It’s National Beer Day, and we’ll drink to that! If you’re from Maryland, you know that Baltimore’s National Bohemian beer holds a special place in the hearts of Marylanders – nearly 90% of Natty Boh sales are still made in Baltimore. Today we’re looking at the history of this Baltimore-born brewing company, a former Baltimore bottling plant, and some of our favorite local spots operating around the state today. 

History of the National Brewing Company

The National Brewing Company made its first beer in 1885. Ever since, Natty Boh has been a staple of Maryland. The National Brewing Company made its logo in the 1930s: a one-eyed man with a mustache. This image very quickly became widely associated with the beer. In the 1940s, the National Brewing Company sold six-pack cans of the beer, making it the first company in the United States to do so.

Additionally, during WWII, the company started incorporating cap puzzles into their bottle designs. The caps had a series of pictograms that, when all put together, created a common phrase. This type of puzzle is called a rebus and in 2019 Baltimore resident Kevin Petrikas developed a skill for Amazon’s Alexa that shares the answers once a user says the puzzle number. 

The beer’s slogan, “From the Land of Pleasant Living,” originated in the 1950s. In the 1960s, the president of National Brewing Company, Jerold Hoffberger, was also the owner of the Baltimore Orioles. He ensured that Natty Boh was the only liquor sold at Memorial Stadium, thereby increasing the beer’s popularity. In 1965, National Bohemian became the official beer of Baltimore.

However, in 1975, the company merged with a Canadian brewer: Carling. Over the next few years, the Carling-National company was bought and sold by other brewers. Since 1996, the beer has not been brewed in Baltimore. The Pabst Company bought Natty Boh in 2000. Now, the beer is made in Ohio and Georgia, but it still remains an iconic part of Maryland culture.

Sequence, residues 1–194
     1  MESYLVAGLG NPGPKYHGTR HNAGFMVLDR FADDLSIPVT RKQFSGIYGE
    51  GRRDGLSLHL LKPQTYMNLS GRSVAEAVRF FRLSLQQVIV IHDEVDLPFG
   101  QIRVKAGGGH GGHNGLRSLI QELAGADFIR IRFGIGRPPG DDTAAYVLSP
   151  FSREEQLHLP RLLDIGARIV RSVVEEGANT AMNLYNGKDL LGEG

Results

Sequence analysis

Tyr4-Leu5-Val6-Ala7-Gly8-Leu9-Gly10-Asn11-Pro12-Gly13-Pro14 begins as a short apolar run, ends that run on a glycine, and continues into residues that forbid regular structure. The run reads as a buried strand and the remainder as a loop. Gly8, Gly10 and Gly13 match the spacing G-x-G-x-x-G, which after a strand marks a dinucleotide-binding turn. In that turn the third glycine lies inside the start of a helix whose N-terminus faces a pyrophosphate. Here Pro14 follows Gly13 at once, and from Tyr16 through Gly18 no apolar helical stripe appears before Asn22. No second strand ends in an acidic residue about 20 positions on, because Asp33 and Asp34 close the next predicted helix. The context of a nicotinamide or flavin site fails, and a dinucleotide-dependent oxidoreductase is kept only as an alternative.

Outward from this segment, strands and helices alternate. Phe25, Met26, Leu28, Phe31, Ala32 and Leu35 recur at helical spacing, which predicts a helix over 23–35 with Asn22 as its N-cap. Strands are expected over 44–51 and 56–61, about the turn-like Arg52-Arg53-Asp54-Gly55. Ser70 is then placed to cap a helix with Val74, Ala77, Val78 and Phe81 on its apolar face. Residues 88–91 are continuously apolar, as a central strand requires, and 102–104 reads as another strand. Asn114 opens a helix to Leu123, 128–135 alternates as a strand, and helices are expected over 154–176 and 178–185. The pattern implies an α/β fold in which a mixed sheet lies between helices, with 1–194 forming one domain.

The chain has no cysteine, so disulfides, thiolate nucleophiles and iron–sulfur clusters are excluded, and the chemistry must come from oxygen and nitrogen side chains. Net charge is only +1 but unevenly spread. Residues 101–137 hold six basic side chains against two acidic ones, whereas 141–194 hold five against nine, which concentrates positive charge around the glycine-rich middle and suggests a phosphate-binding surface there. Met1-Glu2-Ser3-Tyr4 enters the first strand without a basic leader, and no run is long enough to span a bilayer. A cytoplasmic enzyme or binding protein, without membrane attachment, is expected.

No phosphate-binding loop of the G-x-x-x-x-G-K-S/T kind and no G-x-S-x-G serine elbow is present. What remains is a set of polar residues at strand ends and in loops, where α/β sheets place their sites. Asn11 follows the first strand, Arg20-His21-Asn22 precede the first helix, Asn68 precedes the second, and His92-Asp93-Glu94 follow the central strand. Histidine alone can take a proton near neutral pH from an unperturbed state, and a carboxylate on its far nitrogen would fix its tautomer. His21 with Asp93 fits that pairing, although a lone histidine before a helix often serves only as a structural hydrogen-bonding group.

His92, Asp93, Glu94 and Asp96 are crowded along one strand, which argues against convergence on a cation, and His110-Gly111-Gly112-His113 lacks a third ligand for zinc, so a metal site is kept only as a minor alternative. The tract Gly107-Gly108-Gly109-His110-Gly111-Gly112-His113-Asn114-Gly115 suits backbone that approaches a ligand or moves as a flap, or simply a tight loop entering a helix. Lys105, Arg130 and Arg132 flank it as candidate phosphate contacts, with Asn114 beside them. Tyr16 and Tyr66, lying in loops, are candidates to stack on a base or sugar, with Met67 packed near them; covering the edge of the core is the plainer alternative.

Did you know? Maryland’s first brewery was established in the Annapolis area in 1703.

Pabst Castle

In the 1890s, a bottling plant for the Pabst Company was constructed in South Baltimore. The bottling plant, named Pabst Castle, got its design from other Germanic brewing companies of the late nineteenth century: a castle-like appearance with a tower in the corner. The building was strategically placed on South Charles Street and Wells Street, as the location was adjacent to the B&O Locust Point line. This placement gave the brewing company a connection to the railroads and allowed it to receive the beer from the Midwest in bulk and bottle it for local sales. When Prohibition began in 1920, the plant closed. In 1922, the Maryland Glass and Mirror Company moved into the space, staying there until the 21st century. The building now houses ZeroFOX, a cybersecurity company.


Independent Breweries in Maryland

You can also celebrate National Beer Day today by visiting current independent breweries in Maryland. Consider supporting the following local businesses that make some excellent beer!

Antietam Brewery – Hagerstown

Chesepiooc Real Ale Brewing – Crofton

Black Flag Brewing Company – Columbia

Burley Oak Brewing Company – Berlin

The Brewer’s Art – Baltimore

Frey’s Brewing Company – Mt. Airy

Independent Brewing Company – Bel Air

Manor Hill Brewing – Ellicott City

Flying Dog – Frederick

Fin City Brewery – Ocean city

Content for this blog was researched and compiled by Allyn Lawrence, Preservation Maryland’s Spring 2022 Public History and Communications Intern. Working through the Waxter Intern Program, Allyn composes articles on topics relating to Maryland’s history and culture. She is a recent graduate of Towson University.